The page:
My qualifying spot assured me I’d have a tough road through eliminations staring with #18 qualifier Clint Neff in round one and in the All-Stars I was on the pole which awarded me a first round matchup with #5 Jeff Lane. Round one of the Nationals was Friday afternoon, Clint went -.53 under in qualifying so I figured his best hit in the conditions would be -.48 under and if I was decent on the tree I could get out with minimal damage. As a result, I setup a little soft and was .032, he’s .024 and ran -.516 under. I take .029 stripe and low and behold I’m now down 5 hundredths heading into round 2 Saturday morning, uggh! Not the start I wanted, but nothing I can do about it now. In round 2 I’ve got Fred Allen, who can hit the tree and probably run -.52 under. At this point there’s no more setting up soft. In order to win the race I couldn’t afford to keep taking .05 hundredths each round. So I set up .015 and was .011, he goes red and I get a free pass to round three Sunday morning to run Frank Aragona. Strategy is important, you want to play with the odds in your favor, but nothing can beat having lady luck on your side.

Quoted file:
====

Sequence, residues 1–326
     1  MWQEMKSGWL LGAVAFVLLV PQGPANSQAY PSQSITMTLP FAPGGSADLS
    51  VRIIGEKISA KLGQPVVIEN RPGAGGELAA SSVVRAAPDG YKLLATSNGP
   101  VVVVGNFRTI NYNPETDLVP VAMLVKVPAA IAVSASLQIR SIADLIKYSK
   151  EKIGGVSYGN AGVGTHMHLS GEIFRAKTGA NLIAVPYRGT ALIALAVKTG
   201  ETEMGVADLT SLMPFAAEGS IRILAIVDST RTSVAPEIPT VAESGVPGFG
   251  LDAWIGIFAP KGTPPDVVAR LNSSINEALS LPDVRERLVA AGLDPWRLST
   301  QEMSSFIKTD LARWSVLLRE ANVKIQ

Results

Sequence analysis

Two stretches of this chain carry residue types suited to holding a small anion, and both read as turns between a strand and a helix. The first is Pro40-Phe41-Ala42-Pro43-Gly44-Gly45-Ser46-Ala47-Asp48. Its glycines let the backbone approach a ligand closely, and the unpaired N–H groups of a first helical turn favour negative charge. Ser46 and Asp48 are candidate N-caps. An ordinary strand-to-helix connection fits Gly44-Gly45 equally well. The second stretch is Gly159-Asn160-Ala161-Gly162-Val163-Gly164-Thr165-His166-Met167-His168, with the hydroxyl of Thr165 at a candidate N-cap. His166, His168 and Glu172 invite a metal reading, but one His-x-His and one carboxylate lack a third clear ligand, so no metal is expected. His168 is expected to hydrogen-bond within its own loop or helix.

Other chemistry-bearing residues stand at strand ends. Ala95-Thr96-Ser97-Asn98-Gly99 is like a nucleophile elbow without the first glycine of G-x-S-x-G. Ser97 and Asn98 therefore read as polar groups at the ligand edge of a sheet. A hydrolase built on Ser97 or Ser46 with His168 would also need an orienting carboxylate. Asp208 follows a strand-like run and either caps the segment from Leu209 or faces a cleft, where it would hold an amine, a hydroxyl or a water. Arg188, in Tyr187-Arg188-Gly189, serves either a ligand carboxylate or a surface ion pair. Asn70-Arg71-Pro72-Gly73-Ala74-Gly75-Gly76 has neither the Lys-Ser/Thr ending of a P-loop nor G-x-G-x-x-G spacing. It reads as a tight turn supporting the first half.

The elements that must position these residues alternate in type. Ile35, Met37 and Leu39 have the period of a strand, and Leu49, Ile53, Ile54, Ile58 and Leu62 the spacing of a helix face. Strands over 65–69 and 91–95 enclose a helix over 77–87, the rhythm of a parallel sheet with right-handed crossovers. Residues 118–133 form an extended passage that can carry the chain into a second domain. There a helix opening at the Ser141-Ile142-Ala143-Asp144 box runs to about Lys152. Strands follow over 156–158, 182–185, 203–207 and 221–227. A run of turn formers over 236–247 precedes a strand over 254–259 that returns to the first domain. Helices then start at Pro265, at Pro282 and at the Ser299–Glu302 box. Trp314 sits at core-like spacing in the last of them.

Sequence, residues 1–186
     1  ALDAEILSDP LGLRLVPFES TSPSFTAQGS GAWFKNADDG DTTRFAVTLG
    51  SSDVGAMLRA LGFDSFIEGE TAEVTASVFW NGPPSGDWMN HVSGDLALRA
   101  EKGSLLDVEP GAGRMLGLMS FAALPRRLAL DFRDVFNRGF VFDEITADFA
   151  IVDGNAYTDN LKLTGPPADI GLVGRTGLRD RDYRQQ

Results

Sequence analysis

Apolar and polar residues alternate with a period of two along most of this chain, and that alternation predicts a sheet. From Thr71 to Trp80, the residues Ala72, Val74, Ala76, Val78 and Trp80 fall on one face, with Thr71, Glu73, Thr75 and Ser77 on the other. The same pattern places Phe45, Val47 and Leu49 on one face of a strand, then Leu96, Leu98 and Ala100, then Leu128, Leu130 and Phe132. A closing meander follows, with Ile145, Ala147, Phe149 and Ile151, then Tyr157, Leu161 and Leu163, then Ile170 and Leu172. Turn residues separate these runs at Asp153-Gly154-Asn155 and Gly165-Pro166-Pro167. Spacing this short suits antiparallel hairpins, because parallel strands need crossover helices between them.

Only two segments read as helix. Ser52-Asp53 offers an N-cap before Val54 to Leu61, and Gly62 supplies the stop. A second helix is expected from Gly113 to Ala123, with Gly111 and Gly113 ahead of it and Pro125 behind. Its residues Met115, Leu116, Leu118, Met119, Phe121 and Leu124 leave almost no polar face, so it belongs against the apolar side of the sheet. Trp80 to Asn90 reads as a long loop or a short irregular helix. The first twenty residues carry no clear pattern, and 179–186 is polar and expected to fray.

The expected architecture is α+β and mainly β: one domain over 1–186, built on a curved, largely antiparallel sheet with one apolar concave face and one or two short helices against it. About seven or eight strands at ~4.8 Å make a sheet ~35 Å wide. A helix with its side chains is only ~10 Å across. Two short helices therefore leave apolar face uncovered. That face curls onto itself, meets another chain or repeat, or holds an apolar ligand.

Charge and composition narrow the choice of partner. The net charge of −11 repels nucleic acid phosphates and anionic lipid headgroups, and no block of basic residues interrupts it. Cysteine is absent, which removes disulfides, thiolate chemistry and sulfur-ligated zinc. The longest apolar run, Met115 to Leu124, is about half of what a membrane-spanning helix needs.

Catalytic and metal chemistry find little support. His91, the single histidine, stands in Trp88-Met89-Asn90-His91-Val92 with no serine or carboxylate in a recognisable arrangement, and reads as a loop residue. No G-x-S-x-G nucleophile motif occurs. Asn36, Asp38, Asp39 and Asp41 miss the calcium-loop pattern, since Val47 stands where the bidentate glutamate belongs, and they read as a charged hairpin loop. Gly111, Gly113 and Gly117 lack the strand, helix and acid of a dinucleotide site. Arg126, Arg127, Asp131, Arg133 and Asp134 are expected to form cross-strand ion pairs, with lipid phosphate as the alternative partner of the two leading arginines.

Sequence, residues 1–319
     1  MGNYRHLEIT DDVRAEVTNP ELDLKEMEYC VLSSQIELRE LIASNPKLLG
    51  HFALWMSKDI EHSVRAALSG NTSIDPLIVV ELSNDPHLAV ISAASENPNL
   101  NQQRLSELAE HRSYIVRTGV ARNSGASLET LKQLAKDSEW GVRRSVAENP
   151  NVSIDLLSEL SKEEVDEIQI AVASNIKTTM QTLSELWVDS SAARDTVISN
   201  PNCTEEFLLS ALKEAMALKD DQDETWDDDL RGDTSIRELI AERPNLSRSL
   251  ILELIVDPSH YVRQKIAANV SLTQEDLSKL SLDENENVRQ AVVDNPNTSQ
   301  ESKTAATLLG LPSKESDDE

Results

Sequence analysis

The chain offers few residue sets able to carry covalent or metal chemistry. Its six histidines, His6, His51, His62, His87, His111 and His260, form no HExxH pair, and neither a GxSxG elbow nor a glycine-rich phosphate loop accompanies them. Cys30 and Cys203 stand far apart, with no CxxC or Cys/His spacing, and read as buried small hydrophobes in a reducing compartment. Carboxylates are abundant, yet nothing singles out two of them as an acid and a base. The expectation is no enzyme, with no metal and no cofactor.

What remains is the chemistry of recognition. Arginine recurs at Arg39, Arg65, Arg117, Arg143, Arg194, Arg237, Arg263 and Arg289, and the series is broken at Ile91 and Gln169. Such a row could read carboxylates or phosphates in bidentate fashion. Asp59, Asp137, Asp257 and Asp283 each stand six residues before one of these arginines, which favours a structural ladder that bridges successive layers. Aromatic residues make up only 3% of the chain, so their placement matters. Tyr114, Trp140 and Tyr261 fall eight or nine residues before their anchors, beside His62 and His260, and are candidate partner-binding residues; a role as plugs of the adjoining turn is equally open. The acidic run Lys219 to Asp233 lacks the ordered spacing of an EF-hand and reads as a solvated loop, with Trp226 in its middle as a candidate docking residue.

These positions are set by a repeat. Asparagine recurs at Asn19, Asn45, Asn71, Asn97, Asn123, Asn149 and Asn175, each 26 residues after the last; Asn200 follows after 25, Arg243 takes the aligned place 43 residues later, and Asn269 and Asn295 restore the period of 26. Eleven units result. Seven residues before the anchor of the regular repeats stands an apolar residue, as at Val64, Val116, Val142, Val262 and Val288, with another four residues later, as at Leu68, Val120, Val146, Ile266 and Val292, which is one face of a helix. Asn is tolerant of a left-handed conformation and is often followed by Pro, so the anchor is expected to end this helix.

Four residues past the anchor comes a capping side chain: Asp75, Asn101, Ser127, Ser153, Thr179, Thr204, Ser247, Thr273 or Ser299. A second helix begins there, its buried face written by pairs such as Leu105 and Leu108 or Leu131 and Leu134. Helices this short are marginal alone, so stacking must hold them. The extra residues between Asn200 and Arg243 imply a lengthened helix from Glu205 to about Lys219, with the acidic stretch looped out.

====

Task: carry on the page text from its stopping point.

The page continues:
Now it was All-Stars time for the rest of Saturday. Thankfully your index goes back to where you started the event and no permanent index hits are given, which means if need be, I can hold it to the floor. As a result, I’m feeling pretty confident heading into RD 1! I’m still setup .015 on the tree and go .004, he’s .039 and I take a comfortable .05 finish line and move onto round two with a .03 hundredths penalty. My round two opponent was struggling on the tree and it was a little too close for comfort sitting on .004 so I make the necessary adjustments to setup .030. We don’t have delay boxes nor do we have big tires, so setting up too tight is normally a recipe for disaster in Comp. Remember I just told you I was feeling pretty confident? Well it didn’t last long. I stage the car and the next thing I remember is I’m in the shutdown area and don’t know what just happened, let alone if I won or not! Apparently the past two weeks of thrashing in extreme heat caught up with me and I got heat stroke. Needless to say my driving that round is atrocious. I’m .123 to his .116 and take a tenth at the strip while driving on autopilot killing 20 mph. So much for the performance advantage I started with. I’m now down .13 heading into the final against a good driver who’s index is clean and I’m literally seeing stars. I went right into the motor home, sat under the AC unit and began chugging Gatorade for the next hour and a half until they called us for the final. In all honesty, I wasn’t even close to 100%, but it was the final of the all-stars. I had the car setup on kill and figured that if I leave with him, I’d have the power to catch him. I left the car setup for .030 on the tree and hoped for the best. He left first and was .028 I was .036 and held my foot to the floor to go 6.946 at 198 and take the win.